Britain’s big four supermarkets should cut at least another 2p a litre off petrol and diesel following further reductions in the wholesale cost of fuel, says the RAC.
After its appeal for a pump price cut last week, the supermarkets responded with cuts of varying levels with Asda leading the way with an initial 2p a litre reduction.
While this has helped bring costs down, the effect has not been as powerful as it could have been because of the way supermarkets price their fuel in different parts of the country, says the RAC.
The average price paid for supermarket fuel has only reduced by a penny a litre, with petrol moving from 119.46p (February 8) to 118.46p yesterday (February 13) while diesel has gone down from 121.83p to 120.84p.
Unfortunately, the average price of fuel paid across all UK forecourts has hardly changed, reducing by around 0.5p a litre to 121.53p for unleaded and 124.21p for diesel.
Since the RAC’s call for a cut on Thursday last week the price of oil has fallen even further and now stands at $61.46 – its lowest price since mid-November last year. And, with the sterling/dollar exchange rate slightly stronger ($1.38) than it was then ($1.32), the wholesale price retailers pay to buy their fuel is considerably lower, which should pave the way for deeper forecourt price cuts.
RAC fuel spokesman Simon Williams said: “In order to be fair to motorists the big four supermarket fuel retailers should really make further cuts as the wholesale price is still falling. There is clearly scope for both petrol and diesel to be slashed by another 2p a litre at least.
“We hope they are not resting on their laurels, thinking they’ve done enough to keep motorists quiet by announcing some cuts last week when the wholesale price continues to go lower and lower.”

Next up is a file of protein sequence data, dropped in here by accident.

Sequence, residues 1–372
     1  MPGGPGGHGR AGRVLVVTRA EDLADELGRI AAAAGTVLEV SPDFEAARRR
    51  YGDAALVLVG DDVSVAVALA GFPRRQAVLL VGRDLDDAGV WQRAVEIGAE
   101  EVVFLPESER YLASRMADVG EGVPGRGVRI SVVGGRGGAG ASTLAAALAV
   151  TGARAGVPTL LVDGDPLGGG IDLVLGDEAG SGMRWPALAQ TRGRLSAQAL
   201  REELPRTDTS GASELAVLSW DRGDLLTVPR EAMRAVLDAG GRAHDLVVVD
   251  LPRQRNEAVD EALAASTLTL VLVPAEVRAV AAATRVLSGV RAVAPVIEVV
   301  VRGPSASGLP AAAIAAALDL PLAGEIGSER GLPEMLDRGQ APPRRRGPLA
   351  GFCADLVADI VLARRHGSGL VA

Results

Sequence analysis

Despite the supermarkets announcing cuts, RAC Fuel Watch data shows that the average price of fuel sold at supermarkets has not yet gone down by that much. “This goes to show that several supermarkets operate regional pricing models rather than charging their customers the same price wherever they are, or indeed having price caps which guarantee customers pay a set amount or lower wherever they are in the country,” said Williams.
“This is very important for the UK average prices as it means other retailers near to supermarkets don’t have to respond to their rivals’ lower prices.
“We believe this is why the UK average fuel price hasn’t gone down as much as it really should have.
“For that reason we also urge all fuel retailers to reduce their prices, however we do realise that it is not as easy for smaller operators as they do not sell the same volumes that the supermarkets do. This is why it takes longer for reductions in the wholesale price to filter through to all the country’s 8,400 forecourts.”